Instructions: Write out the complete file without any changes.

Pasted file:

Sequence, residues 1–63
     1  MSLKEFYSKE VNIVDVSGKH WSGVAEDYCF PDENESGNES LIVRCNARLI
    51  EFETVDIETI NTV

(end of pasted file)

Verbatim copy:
Sequence, residues 1–63
     1  MSLKEFYSKE VNIVDVSGKH WSGVAEDYCF PDENESGNES LIVRCNARLI
    51  EFETVDIETI NTV